What with any number of work pressures on my plate, the Party Poker visits have been relatively few and far between, but that doesn’t mean I’ve given up on my profitability goals. Oh no! I’m still looking to be well ahead after a year of micro tabling at Party Poker.

My step up from the $5 NLHE tables to the $10 NLHE tables coincided with the new year, which also coincided with a bit of a holiday. But back to work meant less free time to sit and take apart the Party Poker novices.

When I actually did hit the tables I found that I wasn’t enjoying myself quite as much as at the smallest of micro stakes and experienced a few consecutive losing nights. So what I’ve done to reinvigorate myself is step it back a notch and revisit Party Poker’s $5 NLHE cash ring tables again. Almost instantly that winning feeling came back again.

The important point to playing on-line micro stakes poker is to enjoy the game because on thing is for sure, you’re going to have to grind your heart out if you’re going to see any money in terms of profit. The good news is that, with enough patience and perseverance you can show a profit even if the quality of poker may not be considered top class.

Friday, February 15, 2008

A New Party Poker Reload For February

Party Poker have sent out the latest reload bonus that will be available for the next 7 days - until 21 February. This one appears to be a short sharp one with the bonus consisting of 15% up to the value of $100, picking up the bonus by accumulating PartyPoints.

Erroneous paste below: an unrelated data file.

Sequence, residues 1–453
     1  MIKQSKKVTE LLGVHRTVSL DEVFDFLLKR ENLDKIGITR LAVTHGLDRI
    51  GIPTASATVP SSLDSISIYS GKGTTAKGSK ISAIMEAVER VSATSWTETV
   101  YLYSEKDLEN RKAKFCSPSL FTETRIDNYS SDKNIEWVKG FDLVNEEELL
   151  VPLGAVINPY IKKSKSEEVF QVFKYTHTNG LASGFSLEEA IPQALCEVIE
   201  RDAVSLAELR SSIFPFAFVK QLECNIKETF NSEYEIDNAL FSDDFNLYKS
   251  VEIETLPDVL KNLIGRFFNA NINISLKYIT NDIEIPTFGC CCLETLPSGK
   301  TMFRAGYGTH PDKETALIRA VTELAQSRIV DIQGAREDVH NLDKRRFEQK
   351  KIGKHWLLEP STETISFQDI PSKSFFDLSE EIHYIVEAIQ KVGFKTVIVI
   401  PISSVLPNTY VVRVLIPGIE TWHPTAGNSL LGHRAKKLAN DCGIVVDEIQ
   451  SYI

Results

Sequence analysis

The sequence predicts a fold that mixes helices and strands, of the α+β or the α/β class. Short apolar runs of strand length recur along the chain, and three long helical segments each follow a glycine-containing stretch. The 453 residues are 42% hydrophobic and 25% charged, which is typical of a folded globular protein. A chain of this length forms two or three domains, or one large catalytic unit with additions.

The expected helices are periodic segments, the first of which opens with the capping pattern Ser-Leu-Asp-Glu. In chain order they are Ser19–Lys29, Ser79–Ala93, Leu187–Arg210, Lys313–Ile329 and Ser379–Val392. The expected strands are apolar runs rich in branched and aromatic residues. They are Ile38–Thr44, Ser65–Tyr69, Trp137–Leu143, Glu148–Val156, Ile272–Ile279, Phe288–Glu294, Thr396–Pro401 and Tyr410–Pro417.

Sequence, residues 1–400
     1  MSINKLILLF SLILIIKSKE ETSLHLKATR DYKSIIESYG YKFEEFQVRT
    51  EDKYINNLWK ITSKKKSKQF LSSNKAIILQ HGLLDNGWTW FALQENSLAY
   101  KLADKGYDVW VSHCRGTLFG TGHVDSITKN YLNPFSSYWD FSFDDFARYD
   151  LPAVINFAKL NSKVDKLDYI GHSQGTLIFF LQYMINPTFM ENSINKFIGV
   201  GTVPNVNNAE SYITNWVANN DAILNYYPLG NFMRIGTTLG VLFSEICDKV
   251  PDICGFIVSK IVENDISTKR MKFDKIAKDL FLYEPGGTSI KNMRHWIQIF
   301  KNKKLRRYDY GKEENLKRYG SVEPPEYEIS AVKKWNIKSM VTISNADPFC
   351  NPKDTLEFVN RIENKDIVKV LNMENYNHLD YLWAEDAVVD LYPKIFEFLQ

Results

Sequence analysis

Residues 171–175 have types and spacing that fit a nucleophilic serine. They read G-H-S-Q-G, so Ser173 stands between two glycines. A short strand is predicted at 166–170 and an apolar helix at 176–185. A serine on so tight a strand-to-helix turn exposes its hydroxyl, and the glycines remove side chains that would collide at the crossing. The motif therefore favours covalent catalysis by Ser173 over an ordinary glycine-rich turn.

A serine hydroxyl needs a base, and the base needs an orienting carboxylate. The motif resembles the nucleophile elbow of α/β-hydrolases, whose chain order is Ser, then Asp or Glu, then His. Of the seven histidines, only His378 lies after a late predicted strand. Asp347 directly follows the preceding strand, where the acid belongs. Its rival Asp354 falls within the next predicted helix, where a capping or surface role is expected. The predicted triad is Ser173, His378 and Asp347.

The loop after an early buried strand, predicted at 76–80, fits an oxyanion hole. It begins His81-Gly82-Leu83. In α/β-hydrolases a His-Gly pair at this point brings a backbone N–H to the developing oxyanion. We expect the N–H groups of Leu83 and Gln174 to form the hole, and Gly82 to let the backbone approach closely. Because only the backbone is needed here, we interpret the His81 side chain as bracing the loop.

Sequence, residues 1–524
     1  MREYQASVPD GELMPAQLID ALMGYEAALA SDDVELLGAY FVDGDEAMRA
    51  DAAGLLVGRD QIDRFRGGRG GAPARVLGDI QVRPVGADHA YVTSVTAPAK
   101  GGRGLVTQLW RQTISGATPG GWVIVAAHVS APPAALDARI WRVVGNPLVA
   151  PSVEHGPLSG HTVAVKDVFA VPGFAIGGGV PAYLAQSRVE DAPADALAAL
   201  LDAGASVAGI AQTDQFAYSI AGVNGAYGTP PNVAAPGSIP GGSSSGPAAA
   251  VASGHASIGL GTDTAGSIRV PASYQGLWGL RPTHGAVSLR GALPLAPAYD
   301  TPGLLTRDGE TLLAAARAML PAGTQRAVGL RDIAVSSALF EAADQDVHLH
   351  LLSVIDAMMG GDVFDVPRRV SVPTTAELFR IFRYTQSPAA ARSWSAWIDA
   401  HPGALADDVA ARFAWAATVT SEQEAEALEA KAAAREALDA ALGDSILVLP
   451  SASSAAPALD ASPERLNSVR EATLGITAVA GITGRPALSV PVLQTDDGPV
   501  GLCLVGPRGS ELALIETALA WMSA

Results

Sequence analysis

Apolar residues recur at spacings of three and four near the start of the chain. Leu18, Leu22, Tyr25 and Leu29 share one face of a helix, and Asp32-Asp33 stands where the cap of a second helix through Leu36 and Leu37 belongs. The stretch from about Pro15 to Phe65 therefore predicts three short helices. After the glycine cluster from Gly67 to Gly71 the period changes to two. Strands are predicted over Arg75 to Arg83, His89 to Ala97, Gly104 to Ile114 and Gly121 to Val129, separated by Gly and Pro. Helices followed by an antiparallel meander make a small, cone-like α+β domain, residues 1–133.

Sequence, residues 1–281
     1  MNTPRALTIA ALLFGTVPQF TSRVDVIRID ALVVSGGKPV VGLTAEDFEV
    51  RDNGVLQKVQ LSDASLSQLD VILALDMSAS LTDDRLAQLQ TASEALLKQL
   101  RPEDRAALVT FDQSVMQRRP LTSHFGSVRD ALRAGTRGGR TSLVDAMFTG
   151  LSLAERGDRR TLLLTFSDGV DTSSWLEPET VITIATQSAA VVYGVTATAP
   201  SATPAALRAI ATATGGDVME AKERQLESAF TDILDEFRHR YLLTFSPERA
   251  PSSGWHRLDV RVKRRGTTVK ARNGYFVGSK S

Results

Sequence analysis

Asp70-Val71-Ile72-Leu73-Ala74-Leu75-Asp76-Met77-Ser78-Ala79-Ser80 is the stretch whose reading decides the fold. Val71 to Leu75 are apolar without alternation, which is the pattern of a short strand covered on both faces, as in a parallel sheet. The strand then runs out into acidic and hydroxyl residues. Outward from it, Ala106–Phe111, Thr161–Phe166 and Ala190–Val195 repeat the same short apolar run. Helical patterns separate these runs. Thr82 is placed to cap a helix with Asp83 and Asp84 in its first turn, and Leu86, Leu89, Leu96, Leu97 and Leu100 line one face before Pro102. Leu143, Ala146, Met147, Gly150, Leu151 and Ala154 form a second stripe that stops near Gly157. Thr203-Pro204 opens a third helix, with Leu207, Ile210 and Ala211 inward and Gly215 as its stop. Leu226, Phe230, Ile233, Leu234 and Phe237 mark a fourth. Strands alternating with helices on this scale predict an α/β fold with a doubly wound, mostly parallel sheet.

But you're going to have to play some long hours at the Party Poker tables, particularly if you're playing the micro limits, because you've only got 14 days from the date you make your deposit to earn your bonus. Probably a good offer if you were going to deposit anyway.

Thursday, February 14, 2008

The Difference with Micro Stakes Poker

On the one hand you have heard all the the theory in the world about the correct way to play No Limit Texas Hold Em. You need to calculate your pot odds, you work out your implied odds, you decide how much to raise to make calling very difficult for your opponent. Then on the other hand you have micro stakes poker table and all that fancy-schmancy tomfoolery mentioned above gets thrown straight out the window.

At the micro stakes NLHE tables you've got the occasional tight aggressive player who will only play his quality hands, usually pretty well with a solid pre-flop raise and a nice continuation bet. But he's the exception, vastly outnumbered by a motley assortment of wildly loose gamblers who compulsively play every hand with a limp or a call. Sometimes you'll get the raise at all costs aggressive bastard whose favourite move is to play back All-In at you whenever you raise. It's a wild ride of unexpected plays, atrocious bad beats and the most frustrating of senseless trips to the river only to drown on a 1-outer.

If you're planning on playing micro-stakes poker, don't expect that a pre-flop raise will thin the number of opponents down to 1 or 2. Oh no, my friend, at the micro tables you will regularly be playing 5 or more handed. And if the flop lands with a possible flush draw or a possible gutshot straight dra to your TPTK, well you ain't shaking anyone off easily. Y'see the odds against hitting that gutshot means nothing to the micro-fish.

The great news if you're planning a more traditional approach is that the micro table player is very easy to peg. They'll be flipping over all sorts of shit after calling with A-rag or they'll be folding after the river, obviously chasing a draw that didn't hit. As long as you're prepared to note the plays and keep your head when the inevitable bad beats come your way, you're going to come out ahead. It just may more of a grind than you're used to.

Oh, and one last thing. When a micro stakes dweller pushes All-in after the river, you can guarantee he's hit whatever he was chasing. Subtlety is NOT part of the micro stakes player's repertoire.

Thursday, January 10, 2008

Freerolling At Full Tilt